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ECOPALM. A model to understand the complex phenology of mature oil palm

Combres Jean-Claude, Soulie Jean-Christophe, Rouan Lauriane, Braconnier Serge, Dingkuhn Michaël. 2010. ECOPALM. A model to understand the complex phenology of mature oil palm. In : Proceedings of Agro 2010 : the XIth ESA Congress, August 29th - September 3rd, 2010, Montpellier, France. Wery Jacques (ed.), Shili-Touzi I. (ed.), Perrin A. (ed.). Montpellier : Agropolis international, pp. 559-560. ISBN 978-2-909613-01-7 ESA Congress. 11, Montpellier, France, 29 August 2010/3 September 2010.

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Abstract : In mature palm plantation, the number of harvested bunches is the main component of yield. In Ivory Coast it varies from 600 to 1600 ha-1 year' with large seasonal variations from 2 to up to 300 bunches ha' month-' for L2T x D10D material. Phenology of adult oil palm is complex. The apical meristem initiates new leaves (20 to 30 per year) with a constant plastochron. Leaf lifespan from initiation to senescence is more than 4 years. The first unopened leaf emerging from the crown is spear-leaf (rank 0). Approximately 60 developing leaves are hidden in the crown (ranks -1 to -60) and 40 autotrophic expanded leaves are visible (Corley and Tinker 2003). Each leaf bears a male or female inflorescence which is first visible at flowering (rank 18 to 20). Bunch is harvested 5 to 6 months after flowering. By dissection of the crown and electronic microscopy, the inflorescence primordia can be seen at rank -40 but the sex cannot be identified before rank 4 (Adam & al. 2005). The determinism of gender is highly dependent of environment and physiological stress but is not explained. The time and duration of sex differentiation are not known with certainty: it can be assumed at spikelet initiation (rank -5 to -10) or at bract initiation (rank -20 to -30) or at any time between rank -10 to -30 (Jones 1997). Abortions occur between ranks 8 to 12, but, because some leaves have no inflorescence, an ealier sensitive phase may occur. Because of weak evidence and of the difficulty of experiments, crop modeling is a way to test hypotheses. For example, in a model simulating seasonal trends at tree level, Jones (1997) introduced a feedback loop of bunch load to induce physiological stress in earlier stages responsible of abortion or sex differentiation.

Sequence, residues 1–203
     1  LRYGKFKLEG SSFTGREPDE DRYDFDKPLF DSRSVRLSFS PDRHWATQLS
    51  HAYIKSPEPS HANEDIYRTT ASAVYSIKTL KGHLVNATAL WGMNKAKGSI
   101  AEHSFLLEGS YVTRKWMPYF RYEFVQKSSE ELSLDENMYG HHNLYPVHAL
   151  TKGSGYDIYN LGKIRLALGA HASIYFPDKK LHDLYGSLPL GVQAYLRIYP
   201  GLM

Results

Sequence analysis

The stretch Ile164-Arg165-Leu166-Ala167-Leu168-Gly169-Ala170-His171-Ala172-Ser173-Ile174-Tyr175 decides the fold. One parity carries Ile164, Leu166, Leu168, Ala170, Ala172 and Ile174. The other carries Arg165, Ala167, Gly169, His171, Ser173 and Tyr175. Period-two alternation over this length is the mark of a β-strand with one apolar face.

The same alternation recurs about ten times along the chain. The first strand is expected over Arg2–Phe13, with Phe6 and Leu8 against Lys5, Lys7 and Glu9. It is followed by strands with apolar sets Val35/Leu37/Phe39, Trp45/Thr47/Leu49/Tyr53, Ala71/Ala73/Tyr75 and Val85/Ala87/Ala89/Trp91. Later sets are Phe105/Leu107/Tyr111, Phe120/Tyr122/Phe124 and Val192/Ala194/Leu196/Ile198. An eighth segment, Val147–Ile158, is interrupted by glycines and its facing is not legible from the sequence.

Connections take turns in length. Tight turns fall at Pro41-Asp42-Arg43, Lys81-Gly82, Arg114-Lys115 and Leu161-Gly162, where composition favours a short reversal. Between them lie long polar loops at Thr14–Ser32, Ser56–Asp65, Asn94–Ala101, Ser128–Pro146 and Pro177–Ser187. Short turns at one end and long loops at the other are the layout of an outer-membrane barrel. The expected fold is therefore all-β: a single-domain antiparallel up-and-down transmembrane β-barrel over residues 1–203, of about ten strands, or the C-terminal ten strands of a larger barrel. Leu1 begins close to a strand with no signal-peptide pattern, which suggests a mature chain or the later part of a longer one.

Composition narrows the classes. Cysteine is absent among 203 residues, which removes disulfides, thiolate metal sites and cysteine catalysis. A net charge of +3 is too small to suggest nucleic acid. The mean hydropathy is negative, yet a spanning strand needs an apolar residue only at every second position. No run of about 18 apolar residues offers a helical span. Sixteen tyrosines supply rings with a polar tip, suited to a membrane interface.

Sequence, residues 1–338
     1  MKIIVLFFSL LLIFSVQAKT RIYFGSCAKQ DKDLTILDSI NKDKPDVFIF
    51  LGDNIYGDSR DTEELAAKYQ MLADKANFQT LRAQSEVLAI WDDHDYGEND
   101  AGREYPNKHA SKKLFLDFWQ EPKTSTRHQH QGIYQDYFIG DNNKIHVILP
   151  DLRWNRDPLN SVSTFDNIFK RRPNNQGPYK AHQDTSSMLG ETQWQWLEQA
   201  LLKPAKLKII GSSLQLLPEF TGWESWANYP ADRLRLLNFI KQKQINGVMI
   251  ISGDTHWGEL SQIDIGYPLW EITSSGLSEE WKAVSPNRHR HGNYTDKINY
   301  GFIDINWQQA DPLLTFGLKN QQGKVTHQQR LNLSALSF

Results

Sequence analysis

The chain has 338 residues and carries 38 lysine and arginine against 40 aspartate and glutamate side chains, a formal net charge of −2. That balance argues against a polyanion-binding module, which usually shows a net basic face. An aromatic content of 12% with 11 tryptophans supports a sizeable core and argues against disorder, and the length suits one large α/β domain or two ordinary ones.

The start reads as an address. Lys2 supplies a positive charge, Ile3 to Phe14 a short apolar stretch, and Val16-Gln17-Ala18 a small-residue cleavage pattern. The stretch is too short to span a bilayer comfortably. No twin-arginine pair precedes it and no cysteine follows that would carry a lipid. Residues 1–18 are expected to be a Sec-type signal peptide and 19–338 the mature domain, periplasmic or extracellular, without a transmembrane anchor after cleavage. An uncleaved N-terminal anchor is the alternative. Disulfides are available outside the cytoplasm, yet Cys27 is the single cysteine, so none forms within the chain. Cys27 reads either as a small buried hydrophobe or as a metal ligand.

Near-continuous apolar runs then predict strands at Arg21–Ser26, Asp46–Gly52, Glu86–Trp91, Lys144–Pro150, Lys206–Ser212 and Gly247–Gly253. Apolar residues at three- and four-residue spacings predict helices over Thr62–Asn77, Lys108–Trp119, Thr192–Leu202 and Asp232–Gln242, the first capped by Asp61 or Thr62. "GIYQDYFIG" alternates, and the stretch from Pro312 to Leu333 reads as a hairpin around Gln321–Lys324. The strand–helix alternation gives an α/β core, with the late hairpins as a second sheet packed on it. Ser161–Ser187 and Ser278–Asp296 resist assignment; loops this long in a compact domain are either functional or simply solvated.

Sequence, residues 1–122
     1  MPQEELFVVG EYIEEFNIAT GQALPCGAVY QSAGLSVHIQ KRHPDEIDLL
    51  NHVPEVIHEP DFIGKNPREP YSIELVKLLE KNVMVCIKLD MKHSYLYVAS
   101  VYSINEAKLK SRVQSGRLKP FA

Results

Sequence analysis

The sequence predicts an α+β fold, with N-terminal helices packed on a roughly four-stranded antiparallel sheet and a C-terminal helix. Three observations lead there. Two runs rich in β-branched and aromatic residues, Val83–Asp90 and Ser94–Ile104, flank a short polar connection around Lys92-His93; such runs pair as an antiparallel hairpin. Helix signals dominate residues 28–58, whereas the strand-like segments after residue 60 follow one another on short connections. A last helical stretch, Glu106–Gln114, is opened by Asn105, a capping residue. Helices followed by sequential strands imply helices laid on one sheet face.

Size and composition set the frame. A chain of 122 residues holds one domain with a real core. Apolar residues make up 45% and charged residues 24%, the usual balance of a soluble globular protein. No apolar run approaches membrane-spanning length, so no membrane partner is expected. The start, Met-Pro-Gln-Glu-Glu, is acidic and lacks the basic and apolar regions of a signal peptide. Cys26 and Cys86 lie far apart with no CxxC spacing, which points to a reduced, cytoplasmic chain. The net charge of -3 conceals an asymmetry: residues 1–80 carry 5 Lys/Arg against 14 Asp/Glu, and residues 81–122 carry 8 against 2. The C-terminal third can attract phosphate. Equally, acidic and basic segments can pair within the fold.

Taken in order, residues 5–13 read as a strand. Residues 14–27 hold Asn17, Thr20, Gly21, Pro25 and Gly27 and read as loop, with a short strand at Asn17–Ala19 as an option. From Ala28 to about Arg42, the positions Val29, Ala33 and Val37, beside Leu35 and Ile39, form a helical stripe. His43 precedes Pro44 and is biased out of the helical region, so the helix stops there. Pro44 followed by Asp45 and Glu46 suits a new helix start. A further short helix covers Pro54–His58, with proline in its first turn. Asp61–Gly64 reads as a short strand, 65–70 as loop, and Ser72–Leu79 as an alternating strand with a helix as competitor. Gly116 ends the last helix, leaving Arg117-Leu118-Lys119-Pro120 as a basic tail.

Mots-clés Agrovoc : Elaeis guineensis, Modèle mathématique

Classification Agris : U10 - Mathematical and statistical methods
F62 - Plant physiology - Growth and development

Auteurs et affiliations

  • Combres Jean-Claude, CIRAD-BIOS-UPR AIVA (FRA)
  • Soulie Jean-Christophe, CIRAD-BIOS-UPR AIVA (FRA) ORCID: 0000-0003-2904-9548
  • Rouan Lauriane, CIRAD-BIOS-UPR AIVA (FRA)
  • Braconnier Serge, CIRAD-BIOS-UPR AIVA (FRA)
  • Dingkuhn Michaël, CIRAD-BIOS-UPR AIVA (FRA)

Autres liens de la publication

Source : Cirad - Agritrop (https://agritrop.cirad.fr/557370/)

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